Combined harvester

Improvements in our understanding of how nature converts the sun’s energy into a flow of electrons could help a Sheffield University team make cheaper and more efficient solar cells


Improvements in our understanding of how nature converts the sun’s energy into a flow of electrons, plus the odd properties of extremely small crystals, could help a Sheffield University team make much more efficient — and potentially cheaper — solar cells.

Luke Wilson and his colleagues in the university’s Department of Physics and Astronomy are working with the National Centre for Semiconductor Growth, also in Sheffield, to study the use of nanoscale semiconductor crystals known as quantum dots as solar energy collectors.

Quantum dots are single crystals, generally less than 100nm across, of materials with photovoltaic properties. This means they absorb energy at the wavelengths given off by the sun, and convert it into a form which can be harvested. But their response is very different from that of a bulk photovoltaic material, such as those used in conventional solar cells.

When a material absorbs solar energy, it has to get rid of that energy somehow, using a process called relaxation. ‘In bulk semiconductors, the material relaxes by generating heat,’ explained Wilson; the lattice structure of the material vibrates in a way which warms up the sample.

But because quantum dots are so small, they can’t set up that kind of vibration. Instead, they relax by kicking out some of the electrons which bind the atoms in the crystal together, creating what’s known as an electron-hole pair (the hole is the space where the electron used to be).

Each photon of energy absorbed can create up to seven pairs, and this is a far more efficient conversion of energy than a bulk material can manage.

However, said Wilson, harvesting that energy is quite a problem. The conventional way to do it would be by charge transfer — taking the electrons ejected from the crystal and using them to displace electrons in another semiconductor material. But this means that the electrons have to physically tunnel from one material into another, which takes a lot of energy — more than the electrons generally have.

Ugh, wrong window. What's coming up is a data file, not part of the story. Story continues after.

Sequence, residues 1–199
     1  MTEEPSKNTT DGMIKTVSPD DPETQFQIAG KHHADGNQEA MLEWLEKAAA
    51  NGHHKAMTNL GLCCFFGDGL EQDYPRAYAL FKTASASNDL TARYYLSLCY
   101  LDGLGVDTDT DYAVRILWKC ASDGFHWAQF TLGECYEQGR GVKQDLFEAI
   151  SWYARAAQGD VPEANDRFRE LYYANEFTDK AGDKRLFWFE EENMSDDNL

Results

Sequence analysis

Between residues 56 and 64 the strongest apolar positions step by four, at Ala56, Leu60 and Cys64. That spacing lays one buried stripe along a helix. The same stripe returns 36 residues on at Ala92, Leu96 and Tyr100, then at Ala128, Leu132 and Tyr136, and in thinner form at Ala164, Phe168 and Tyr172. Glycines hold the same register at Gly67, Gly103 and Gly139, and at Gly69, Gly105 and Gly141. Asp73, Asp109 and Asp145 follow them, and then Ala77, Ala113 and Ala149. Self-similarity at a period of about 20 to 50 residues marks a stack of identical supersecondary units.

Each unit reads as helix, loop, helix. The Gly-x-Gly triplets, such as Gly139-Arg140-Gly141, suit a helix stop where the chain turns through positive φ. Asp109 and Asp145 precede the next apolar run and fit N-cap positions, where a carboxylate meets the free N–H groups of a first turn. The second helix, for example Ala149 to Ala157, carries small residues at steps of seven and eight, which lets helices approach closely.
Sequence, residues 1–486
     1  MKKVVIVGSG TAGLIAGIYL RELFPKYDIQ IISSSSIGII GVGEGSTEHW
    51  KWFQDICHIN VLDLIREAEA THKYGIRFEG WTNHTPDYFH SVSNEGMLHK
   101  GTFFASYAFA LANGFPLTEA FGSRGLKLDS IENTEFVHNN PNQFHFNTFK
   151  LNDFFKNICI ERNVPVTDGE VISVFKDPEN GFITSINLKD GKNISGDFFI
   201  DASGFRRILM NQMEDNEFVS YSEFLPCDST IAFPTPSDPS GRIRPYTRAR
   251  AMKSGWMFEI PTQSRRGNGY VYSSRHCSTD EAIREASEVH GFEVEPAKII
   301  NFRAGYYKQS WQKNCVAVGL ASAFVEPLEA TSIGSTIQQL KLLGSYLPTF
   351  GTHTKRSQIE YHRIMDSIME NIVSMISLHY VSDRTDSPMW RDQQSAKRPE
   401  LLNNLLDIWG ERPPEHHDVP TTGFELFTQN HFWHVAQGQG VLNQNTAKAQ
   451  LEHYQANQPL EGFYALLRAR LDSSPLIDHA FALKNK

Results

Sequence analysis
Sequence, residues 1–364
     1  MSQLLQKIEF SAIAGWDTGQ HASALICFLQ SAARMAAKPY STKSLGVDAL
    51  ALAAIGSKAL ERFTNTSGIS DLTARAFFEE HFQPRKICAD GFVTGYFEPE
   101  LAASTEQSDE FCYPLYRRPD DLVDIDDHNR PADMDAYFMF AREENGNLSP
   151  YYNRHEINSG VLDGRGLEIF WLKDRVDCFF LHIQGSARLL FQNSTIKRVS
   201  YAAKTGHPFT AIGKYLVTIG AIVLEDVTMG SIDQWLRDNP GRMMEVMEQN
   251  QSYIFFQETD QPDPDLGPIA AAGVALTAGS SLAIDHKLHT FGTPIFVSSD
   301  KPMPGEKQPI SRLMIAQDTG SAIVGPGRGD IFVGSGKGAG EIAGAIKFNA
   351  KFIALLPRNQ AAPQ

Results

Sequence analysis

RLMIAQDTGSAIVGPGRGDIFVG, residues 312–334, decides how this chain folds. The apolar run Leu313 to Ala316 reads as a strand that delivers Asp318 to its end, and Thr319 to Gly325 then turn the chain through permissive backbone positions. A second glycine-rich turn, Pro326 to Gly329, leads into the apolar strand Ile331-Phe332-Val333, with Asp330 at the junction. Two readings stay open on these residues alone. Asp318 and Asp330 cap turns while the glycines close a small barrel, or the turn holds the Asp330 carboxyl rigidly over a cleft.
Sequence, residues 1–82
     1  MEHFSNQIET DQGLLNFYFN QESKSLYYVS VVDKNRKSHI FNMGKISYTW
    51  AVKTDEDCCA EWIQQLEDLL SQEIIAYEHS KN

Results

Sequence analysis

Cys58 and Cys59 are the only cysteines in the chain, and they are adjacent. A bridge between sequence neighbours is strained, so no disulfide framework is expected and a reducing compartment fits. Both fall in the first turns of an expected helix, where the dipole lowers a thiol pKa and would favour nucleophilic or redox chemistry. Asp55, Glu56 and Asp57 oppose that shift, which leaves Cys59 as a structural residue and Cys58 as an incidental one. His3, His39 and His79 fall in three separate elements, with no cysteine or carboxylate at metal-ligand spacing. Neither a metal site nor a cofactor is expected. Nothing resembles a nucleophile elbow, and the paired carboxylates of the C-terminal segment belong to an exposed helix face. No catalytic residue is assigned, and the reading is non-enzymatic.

So instead, Wilson’s team is using the phenomenon by which natural photosynthetic chemicals, such as chlorophyll in leaves, transfer their energy.

‘We use energy transfer rather than charge transfer, so we’re not relying on the physical movement of charge carriers over the boundary,’ said Wilson.

The phenomenon is known as Förster energy transfer, and it works because the properties of the nanocrystal and the energy carrier substance are carefully tuned. When it absorbs solar energy, the nanocrystal emits it at characteristic wavelengths. These match exactly the absorption wavelengths of the energy carrier.

When the two materials are very close together, the energy transfer is very efficient. One analogy that’s often used is two tuning forks. If one is set to vibrate and then brought very close to the other, it will gradually stop vibrating, while its partner starts. Eventually, the first will be still, while the second rings very nearly as loudly as the first one had initially.

This energy transfer is efficient enough to create electron-hole pairs in the structure of the carrier material which Wilson chooses to have good conductive properties. ‘We’ve demonstrated the feasibility of the approach using photosynthetic bacteria, but now we want to use nanocrystals as they are much more robust and more efficient at higher light levels,’ said Wilson.

For a standard photovoltaic material using a parabolic mirror to focus sunlight on its surface, the maximum projected efficiency is 38 per cent; in practice, said Wilson, efficiencies in the high 20s are more common.

But for the Sheffield team’s hybrid system with quantum dots and a gallium arsenide-based carrier material, the maximum efficiency is 58 per cent. ‘The real challenge is to maximise the efficiency of the energy transfer process,’ said Wilson.

‘Efficiencies in the order of 80 per cent have been predicted, and it’s close to unity over very short distances,’ he added. ‘If we can get near unity — which would mean we get all the energy produced in the nanocrystal out — we’d get those very high conversion efficiencies.’

The project lasts until September 2009, at which point Wilson wants to demonstrate that the hybrid nanocrystal/carrier system is technically feasible as a working photovoltaic cell.

Following that, he wants to develop systems which will demonstrate the potential for improved efficiencies.